Frontline World

Cambodia - Pol Pot's Shadow, October, 2002

Synopsis of "Pol Pot's Shadow"

In Search of Justice

Historical Analysis: The U.S. and Cambodia

The Rapper, the Dancer, and the Storyteller

Learn more about Cambodia

Genocide, War Crimes, Politics




Chronicle of Survival
Cambodia walks a fine line Caught in the crossfire Terror and genocide Back to square oneMoving ahead, looking back

1975-1979: Terror and genocide Profile: Pol Pot
On April 17, 1975, less than two weeks before the fall of Saigon, the Khmer Rouge seized Phnom Penh and immediately began to drive the city's 2 million residents into the countryside. This was the first stage in its brutal attempt to transform Cambodia into a primitive communal utopia. In reality, the Khmer Rouge turned the country into an enormous forced labor camp. Money, property, books and religion were outlawed. Cambodia's economy, already severely damaged by years of bombing and civil war, ground to a halt. All decisions in the newly renamed Democratic Kampuchea came from a shadowy and unquestionable leadership known simply as angkar,or "the organization."

Forced labor
Forced Labor under the Khmer Rouge - April 1976

In less than four years, between 1.7 million and 2.5 million people died, out of a population of 8 million. Many succumbed to starvation or exhaustion. Tens of thousands were tortured and executed in places like Phnom Penh's infamous Tuol Sleng prison.

The Khmer Rouge completely closed Cambodia to the outside world. But reports of atrocities trickled out of the country, sparking a debate in the United States and the West. News of mass killings and starvation seemed to vindicate those who had predicted a bloodbath once the Khmer Rouge came to power. Khmer soldiers in Phnom PenhHowever, some antiwar activists questioned the accuracy of these reports, claiming that they were exaggerations meant to discredit the new Communist regime.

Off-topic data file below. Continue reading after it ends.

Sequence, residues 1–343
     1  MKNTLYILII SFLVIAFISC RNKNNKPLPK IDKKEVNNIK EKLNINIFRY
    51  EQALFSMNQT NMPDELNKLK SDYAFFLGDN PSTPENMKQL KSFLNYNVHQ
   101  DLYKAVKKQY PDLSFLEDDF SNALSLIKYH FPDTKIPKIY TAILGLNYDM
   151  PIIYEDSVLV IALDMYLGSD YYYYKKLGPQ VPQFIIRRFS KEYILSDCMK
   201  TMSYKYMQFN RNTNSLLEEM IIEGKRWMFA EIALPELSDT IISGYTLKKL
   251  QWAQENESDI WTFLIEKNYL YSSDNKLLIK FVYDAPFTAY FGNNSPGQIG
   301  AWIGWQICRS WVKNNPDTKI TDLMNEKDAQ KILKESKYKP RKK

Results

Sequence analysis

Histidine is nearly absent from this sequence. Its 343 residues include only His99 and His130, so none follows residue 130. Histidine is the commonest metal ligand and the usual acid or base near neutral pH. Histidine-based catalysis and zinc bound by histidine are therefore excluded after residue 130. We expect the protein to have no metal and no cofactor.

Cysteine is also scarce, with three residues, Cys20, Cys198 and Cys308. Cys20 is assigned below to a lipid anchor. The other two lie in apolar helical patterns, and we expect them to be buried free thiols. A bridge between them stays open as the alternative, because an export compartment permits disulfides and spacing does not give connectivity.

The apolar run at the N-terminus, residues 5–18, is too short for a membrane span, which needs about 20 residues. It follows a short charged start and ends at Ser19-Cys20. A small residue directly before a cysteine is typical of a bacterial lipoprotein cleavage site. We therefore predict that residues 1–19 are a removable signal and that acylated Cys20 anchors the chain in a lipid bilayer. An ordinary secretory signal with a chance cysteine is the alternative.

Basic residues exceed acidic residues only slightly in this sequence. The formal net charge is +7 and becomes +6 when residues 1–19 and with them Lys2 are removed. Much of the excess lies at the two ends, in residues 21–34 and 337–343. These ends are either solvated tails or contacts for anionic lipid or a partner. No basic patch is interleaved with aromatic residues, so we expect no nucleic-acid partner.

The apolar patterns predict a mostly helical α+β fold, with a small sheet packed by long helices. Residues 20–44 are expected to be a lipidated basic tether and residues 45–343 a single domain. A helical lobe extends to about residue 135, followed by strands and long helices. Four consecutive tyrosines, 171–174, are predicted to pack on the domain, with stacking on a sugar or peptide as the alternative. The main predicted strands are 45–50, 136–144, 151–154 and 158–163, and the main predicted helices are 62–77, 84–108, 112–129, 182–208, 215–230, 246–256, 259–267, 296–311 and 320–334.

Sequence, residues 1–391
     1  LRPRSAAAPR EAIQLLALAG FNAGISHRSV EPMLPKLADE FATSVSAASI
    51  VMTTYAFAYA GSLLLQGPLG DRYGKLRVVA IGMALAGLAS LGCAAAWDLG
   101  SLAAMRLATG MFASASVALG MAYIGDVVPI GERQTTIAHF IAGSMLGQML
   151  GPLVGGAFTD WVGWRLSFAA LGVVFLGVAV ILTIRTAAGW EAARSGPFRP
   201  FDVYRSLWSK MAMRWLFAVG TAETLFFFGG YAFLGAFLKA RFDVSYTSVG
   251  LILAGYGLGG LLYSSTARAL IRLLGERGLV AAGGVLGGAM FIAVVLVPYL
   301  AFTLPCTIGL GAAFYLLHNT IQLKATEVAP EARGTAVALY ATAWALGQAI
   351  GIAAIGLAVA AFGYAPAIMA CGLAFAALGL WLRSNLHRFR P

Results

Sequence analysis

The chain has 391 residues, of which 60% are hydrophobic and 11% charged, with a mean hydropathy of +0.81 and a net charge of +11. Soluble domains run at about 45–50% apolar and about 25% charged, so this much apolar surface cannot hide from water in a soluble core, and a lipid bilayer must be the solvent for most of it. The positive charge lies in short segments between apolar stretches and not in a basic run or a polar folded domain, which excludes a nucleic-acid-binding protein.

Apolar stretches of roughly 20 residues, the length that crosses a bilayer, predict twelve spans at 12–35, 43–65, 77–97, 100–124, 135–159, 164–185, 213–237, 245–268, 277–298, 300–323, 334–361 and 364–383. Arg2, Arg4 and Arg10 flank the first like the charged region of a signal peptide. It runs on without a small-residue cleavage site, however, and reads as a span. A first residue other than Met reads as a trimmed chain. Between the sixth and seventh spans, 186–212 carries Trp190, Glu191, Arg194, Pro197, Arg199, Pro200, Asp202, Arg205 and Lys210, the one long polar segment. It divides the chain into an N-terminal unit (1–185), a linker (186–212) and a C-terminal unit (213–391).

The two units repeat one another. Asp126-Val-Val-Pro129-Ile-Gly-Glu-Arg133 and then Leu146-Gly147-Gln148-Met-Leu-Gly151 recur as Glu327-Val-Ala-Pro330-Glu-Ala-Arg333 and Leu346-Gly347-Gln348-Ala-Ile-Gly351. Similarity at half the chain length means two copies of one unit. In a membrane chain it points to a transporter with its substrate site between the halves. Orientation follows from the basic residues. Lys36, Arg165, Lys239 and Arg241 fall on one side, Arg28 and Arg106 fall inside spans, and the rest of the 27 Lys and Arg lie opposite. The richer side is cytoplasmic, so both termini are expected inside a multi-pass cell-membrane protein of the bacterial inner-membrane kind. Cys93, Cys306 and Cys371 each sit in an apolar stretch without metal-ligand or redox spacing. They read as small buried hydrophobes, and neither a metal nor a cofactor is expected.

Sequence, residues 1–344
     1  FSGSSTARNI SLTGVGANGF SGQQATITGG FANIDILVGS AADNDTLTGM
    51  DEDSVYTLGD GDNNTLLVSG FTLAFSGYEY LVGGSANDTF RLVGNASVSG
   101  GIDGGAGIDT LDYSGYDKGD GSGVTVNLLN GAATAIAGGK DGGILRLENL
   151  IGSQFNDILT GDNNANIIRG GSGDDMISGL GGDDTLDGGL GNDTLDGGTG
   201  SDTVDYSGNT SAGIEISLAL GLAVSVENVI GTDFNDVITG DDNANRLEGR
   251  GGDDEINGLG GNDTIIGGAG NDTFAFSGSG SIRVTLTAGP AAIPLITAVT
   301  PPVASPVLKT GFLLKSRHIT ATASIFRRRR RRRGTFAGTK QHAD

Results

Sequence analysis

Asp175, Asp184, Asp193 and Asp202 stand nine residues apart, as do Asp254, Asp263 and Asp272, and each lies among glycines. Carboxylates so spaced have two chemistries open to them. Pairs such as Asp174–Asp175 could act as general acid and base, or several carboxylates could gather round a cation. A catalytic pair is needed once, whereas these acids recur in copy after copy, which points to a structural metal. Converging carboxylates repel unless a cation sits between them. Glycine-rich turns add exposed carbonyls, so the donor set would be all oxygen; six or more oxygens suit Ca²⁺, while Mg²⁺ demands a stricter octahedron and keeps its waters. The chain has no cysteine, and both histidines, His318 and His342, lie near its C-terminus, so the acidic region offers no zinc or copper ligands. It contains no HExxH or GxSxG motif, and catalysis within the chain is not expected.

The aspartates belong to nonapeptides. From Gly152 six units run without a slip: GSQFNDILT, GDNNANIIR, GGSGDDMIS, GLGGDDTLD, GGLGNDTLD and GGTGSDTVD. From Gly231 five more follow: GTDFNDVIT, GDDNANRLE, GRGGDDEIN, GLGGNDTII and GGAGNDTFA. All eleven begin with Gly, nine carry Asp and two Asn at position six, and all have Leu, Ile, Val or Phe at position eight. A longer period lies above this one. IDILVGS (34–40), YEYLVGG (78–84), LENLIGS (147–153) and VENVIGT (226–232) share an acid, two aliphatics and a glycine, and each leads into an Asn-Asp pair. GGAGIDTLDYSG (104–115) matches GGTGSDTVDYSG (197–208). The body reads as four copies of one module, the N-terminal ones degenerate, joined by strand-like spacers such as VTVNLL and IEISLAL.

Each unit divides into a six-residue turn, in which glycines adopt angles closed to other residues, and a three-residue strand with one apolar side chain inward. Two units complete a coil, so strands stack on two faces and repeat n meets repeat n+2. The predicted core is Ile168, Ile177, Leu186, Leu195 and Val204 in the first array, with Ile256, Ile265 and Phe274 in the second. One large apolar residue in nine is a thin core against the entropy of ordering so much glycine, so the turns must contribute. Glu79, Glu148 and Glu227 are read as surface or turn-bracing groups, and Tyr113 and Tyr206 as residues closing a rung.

In the face of mounting evidence of Khmer Rouge atrocities, the U.S. government stayed quiet. After the debacle of the Vietnam War, few American politicians were willing to get reinvolved in Southeast Asia, and the government was not eager to examine its complex role in Cambodia's collapse. Not until April 1978 did President Jimmy Carter declare the Khmer Rouge "the worst violator of human rights in the world."

Khmer boy soldiers
Khmer Rouge boy soldiers in Phnom Penh - April 17,1975

By then, the Khmer Rouge had less than a year left in power. Ironically, its downfall was brought on by a conflict with its former ally, Vietnam. A border dispute between Democratic Kampuchea and communist Vietnam flared into full-scale war, and in January 1979, Vietnamese forces rolled into Phnom Penh.

NEXT - 1980-1991:



photo: Pol Pot greeting Khmer Rouge Cadres
credit: Photo Courtesy Documentation Center of Cambodia (DC-CAM)

photo: Forced Labor under the Khmer Rouge - April 1976
credit: Photo Courtesy AFP/Claude Juvenal

photo: Khmer Rouge soldiers enter Phnom Penh - April 17,1975
credit: Photo Courtesy AFP

photo: Khmer Rouge boy soldiers in Phnom Penh - April 17,1975
credit: Photo Courtesy AFP